Dungeon Hunter Alliance Review


Dungeon Hunter Alliance
Platform: Mac (Reviewed)
Studio: Gameloft
Publisher: Gameloft
Release Date: 11/11/2011
Available via iTunes($15.99)


Dungeon Hunter has been a huge success for Gameloft, and it’s not hard to see why. After bringing that classic addictive dungeon crawling action to iOS devices, PlayStation Portable and more, Dungeon Hunter Alliance now comes to the Mac app store with full brutal force, complete with a very smooth and strong online multiplayer community and endless treasures to loot. While Dungeon Hunter Alliance is far from perfect, it sure is a lot of damn fun with plenty to do. An easy recommendation to all Mac gamers, especially if you like dungeon crawling.


Have you ever woken up dead before? Well your about to! Dungeon Hunter Alliance grabs your attention straight away with a unique and interesting plot point-your character is a dead king, brought back from beyond the grave to undo his past wrongs and stop his evil ex-wife from doing evil Queen stuff. Unfortunately after this the storyline is all downhill from here, as everything is basically forgettable and you only ever meet one other person that isn’t an enemy that matters. Oh yeah and that character is so poorly developed that you really couldn’t care for her existence at all. With a story you’ll want to skip through, boring cut scenes and practically no character development, you’d think this would be a problem. Thankfully however, the story is not important as it’s all about the gameplay. While an engaging storyline could’ve made the game more captivating and enjoyable, this title puts you straight into the action and it works. Why? Cause telling stories is for little girls! Now grow a pair and kill some trolls!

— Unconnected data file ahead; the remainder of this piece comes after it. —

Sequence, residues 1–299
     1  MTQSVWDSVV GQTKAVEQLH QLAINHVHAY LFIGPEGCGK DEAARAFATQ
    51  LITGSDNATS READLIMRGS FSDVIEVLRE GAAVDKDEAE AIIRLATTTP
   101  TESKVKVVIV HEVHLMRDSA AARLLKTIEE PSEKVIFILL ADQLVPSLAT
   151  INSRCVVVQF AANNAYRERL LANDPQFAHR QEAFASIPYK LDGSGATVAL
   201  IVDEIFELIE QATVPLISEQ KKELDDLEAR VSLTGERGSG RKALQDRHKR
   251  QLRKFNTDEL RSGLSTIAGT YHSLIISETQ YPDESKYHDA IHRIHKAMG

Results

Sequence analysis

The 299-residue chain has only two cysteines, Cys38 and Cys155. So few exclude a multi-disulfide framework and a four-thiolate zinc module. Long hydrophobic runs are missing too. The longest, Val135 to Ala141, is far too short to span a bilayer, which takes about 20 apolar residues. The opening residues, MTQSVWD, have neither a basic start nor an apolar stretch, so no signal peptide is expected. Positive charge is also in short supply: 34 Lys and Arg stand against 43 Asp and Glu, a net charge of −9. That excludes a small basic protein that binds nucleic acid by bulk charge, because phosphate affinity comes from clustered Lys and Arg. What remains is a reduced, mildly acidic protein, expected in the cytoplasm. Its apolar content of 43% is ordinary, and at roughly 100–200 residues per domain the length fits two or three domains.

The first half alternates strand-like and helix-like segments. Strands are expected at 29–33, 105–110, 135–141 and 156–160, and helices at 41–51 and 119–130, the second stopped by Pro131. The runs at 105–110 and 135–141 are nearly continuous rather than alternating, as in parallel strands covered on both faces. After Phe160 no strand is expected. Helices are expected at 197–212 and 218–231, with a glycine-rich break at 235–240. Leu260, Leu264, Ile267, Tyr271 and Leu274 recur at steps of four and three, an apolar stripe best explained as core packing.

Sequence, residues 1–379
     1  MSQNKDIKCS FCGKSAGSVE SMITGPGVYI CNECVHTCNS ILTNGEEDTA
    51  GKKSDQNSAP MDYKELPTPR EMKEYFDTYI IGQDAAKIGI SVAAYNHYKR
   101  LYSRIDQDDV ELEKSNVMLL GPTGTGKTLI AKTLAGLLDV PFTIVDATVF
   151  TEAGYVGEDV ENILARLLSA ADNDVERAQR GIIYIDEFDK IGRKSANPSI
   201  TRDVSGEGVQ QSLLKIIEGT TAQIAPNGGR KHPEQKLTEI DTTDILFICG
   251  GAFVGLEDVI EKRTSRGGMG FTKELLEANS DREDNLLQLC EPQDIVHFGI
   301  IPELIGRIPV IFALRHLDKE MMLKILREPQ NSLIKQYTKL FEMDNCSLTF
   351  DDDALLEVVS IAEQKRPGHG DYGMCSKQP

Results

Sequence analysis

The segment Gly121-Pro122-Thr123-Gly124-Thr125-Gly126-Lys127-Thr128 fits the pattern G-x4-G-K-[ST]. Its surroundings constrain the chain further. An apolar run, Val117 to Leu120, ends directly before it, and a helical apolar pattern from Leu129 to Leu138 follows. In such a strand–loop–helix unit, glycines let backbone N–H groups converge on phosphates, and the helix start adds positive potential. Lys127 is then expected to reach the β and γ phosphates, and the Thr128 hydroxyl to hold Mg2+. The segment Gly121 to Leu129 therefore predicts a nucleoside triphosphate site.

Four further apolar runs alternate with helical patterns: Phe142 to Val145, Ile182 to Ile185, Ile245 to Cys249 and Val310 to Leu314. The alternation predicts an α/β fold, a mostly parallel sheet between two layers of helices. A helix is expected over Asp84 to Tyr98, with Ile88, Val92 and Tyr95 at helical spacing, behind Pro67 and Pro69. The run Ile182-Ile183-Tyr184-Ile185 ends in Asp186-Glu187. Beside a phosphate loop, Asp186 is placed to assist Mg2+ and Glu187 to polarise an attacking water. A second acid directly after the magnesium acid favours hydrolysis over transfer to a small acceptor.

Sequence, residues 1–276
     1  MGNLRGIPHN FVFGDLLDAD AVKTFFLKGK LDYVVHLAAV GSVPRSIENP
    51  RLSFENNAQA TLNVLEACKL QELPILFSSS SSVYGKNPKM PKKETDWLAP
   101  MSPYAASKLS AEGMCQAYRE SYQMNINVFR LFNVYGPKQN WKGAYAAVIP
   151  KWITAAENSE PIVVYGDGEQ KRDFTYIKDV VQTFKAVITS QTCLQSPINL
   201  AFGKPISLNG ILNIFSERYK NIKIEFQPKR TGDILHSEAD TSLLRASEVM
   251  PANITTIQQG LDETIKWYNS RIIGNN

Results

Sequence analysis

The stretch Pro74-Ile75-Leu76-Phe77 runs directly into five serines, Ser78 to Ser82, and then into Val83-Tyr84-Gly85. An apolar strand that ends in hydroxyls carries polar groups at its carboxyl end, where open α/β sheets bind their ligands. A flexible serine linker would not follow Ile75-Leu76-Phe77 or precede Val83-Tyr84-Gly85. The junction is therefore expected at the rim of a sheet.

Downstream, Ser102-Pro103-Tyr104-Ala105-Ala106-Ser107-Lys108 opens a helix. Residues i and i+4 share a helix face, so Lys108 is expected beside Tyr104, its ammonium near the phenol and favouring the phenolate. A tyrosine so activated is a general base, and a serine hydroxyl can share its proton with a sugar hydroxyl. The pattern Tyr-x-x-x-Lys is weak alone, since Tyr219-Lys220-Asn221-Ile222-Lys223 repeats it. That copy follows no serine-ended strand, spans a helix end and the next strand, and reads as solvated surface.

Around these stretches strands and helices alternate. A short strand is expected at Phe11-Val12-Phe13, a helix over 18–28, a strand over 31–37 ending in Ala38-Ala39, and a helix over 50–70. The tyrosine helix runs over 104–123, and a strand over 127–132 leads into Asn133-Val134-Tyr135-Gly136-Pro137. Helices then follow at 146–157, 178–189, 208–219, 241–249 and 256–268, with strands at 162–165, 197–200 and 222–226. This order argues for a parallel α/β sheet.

To be blunt, Dungeon Hunter Alliance is really just your standard top-down, hack-and-slash dungeon crawling RPG and isn’t all that ambitious, but it’s made so well you shouldn’t care at all and it’s really easy to have fun with. You’ll begin your quest with a whole bunch of options-choose from one of three classes (Warrior, Rouge or Mage), figure out if you want to play via point-and-click style or begin raiding dungeons with your keyboard and then eventually you’ll need to decide how you’d like to transmute your items. What makes Dungeon Hunter Alliance so easily accessible to the casual market is that transmuting loot for cash and equipping weaponry can be automatically done for you. It’s a huge time saver and a neat inclusion, but the option to not do so is also present for the hardcore gamer who likes to observe the stats of every item he comes across. Hot keys are also nicely implemented but what makes the gameplay so addictive and fun is that the upgrade system encourages the player to constantly want to improve, so you develop a need to push forth in the storyline as the enemies do get harder as you go along. Levelling up can more and more time consuming as you advance, and as a result grinding starts to feel more rewarding. Each time your character gains a level they are also given points that can be assigned to their stats as well as skill points to be assigned to which magical spell they’d like to learn or improve so you can easily see your results in real time.